There's a lot of "they" in these scenarios. Who is they?
I don't buy my music from the major labels. I buy it from Google Music. Can it be a "sale" from the label to Google and then a license from Google to me with some of the license terms being dictated via contract between Google and the label?
You still have a choice to use Google and Facebook or seek other alternatives. You're not forced to use Chrome, Gmail, Google Search, or any of their other products if you don't like the "cost" of using them.
For many of us un-biased consumers; we LIKE their products and accept the cost of using them. It's certainly better AGREEING to use a product knowing that they are going to try and build a demographic profile of their users than not having a choice at all.
With some of the MPAA/RIAA legislation that has been proposed; I think you would have a greater concern that your ISP could be inclined to do the same sort of thing with ALL of your traffic, opt in or not, for the benefit of big content.
"Editorial note: We have not included pieces below from the bills’ supporters (if you want those see here, here and here). This, rather, is a compilation of voices other than our own, that we think raise an important point."
So they provide quotes that raise important points.. One of these "important points" that interested me was a quote from NY Times columnist David Pogue:
"But it was a sloppy success; the scare language used by some of the Web sites was just as flawed as the Congressional language that they opposed."
Since the RIAA sees this as an important point, and the quote states that the "scare language" was just as flawed as the Congressional language that they opposed, can this be interpreted as the RIAA admitting that their own language proposed in SOPA/PIPA was flawed?
DoS attacks and DDoS attacks are not the same. If this truly was a DISTRIBUTED DoS attack, the perp would likely have needed to gain control of a group of machines to collectively perform the attack. Did he have permission from all the machine owners to use their computers in such a way?
I disagree about IPv6 being in general use. VERY few endpoints on the net are ready for IPv6. While the major backbone providers are almost ready, there is a LONG way to go before we're ready to cut over. If you ceased IPv4 support right now, the Internet would cease to function for all but the most technical of individuals.
I also think you seriously underestimate the time required to get where we are today with DNSSEC. Unlike this law, DNSSEC isn't some fanciful idea that essentially won't be effective. It's implementation needs to continue as planned for the greater good of the ENTIRE Internet, not just to appease the MPAA/RIAA.
Do you understand what you're writing? Or are you just passing around quotes?
IPv6 isn't widely implemented yet either, so should we just get rid of that and replace it with an MPAA approved version?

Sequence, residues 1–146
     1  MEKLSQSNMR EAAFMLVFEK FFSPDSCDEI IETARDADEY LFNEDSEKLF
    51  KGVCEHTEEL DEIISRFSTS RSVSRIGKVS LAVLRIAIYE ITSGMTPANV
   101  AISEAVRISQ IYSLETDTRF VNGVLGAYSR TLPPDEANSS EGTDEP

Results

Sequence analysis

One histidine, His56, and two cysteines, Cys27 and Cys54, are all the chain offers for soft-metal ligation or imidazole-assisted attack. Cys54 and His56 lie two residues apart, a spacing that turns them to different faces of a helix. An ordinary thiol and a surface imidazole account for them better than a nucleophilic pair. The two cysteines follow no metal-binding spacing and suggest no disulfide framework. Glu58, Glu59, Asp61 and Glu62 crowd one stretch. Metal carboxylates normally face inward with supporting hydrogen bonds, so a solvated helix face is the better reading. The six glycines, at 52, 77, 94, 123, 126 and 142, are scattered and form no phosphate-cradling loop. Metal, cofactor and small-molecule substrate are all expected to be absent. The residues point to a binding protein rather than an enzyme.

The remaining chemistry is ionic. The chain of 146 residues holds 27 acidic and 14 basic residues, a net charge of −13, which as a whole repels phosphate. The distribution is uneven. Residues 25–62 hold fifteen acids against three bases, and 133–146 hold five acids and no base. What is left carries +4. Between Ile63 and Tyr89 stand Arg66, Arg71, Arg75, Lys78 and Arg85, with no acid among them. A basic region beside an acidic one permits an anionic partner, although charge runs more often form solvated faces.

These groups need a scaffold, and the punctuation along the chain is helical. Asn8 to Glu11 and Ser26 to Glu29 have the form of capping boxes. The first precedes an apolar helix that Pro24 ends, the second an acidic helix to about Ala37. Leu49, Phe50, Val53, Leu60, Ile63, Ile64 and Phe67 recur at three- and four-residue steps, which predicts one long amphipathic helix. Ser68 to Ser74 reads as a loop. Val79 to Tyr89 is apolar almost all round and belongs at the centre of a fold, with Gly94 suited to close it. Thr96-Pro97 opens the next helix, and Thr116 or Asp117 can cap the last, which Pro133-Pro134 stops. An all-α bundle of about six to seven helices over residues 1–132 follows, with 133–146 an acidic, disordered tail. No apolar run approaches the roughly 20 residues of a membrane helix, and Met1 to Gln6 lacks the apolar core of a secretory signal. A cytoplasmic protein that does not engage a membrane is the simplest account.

This viewpoint is about as ridiculous as me saying that because 3D isn't yet widely used in all forms of media you should just replace it all with an entirely new format.
There is a LOT of engineering/security and time invested into getting DNSSEC developed, deployed and standardized. All of this takes considerable time. I seriously doubt that Paul Vixie meant for his statements to be used in the way you are applying them.
I'm always astonished reading stuff like this. I think many people simply don't understand how the Internet is built, maintained, and funded.
Each entity ALREADY pays for bandwidth to send/receive their data, be it an end user or content provider such as Netflix, Google, YouTube, or TechDirt. Content providers generally use far more outbound bandwidth than inbound, and end users generally do the opposite. The key point is both parties are ALREADY paying.
If you want to use the highway analogy; this is like my city charging WalMart extra taxes because too many people use the existing roads to get to WalMart. As a result of all these people going to WalMart, they make money and should have to pay for the privilege of allowing their customers to use the existing highway infrastructure to get there.
Using this train of thought, we need to ignore the fact that WalMart already pays taxes to the city, state and federal government which in part goes to fund these roads. We also need to ignore the fact that consumers pay these same taxes too to fund the infrastructure.
I think Netflix and Google should demand that the ISP's pay for the Netflix/Google bandwidth because it's the content companies that create the value that entices consumers to get Internet access in the first place! These companies create the useful services that cause people to even want to get ON the Internet.
AT&T, Comcast, COX and every other consumer broadband provider out there should be paying Netflix in order to make sure their customers have access to that service. After all, why should Netflix foot the bill for the bandwidth that Comcast's customers are sucking up?
Thank you for contacting me regarding S. 968, the Preventing Real Online Threats to Economic Creativity and Theft of Intellectual Property (PROTECT IP) Act. I appreciate hearing from you.
As you may know, S. 968, which was introduced by Senator Leahy, would authorize the U.S. Department of Justice to take legal action to combat online piracy and counterfeiting. This legislation was approved by the Senate Judiciary Committee on May 26, 2011, and awaits consideration by the full Senate.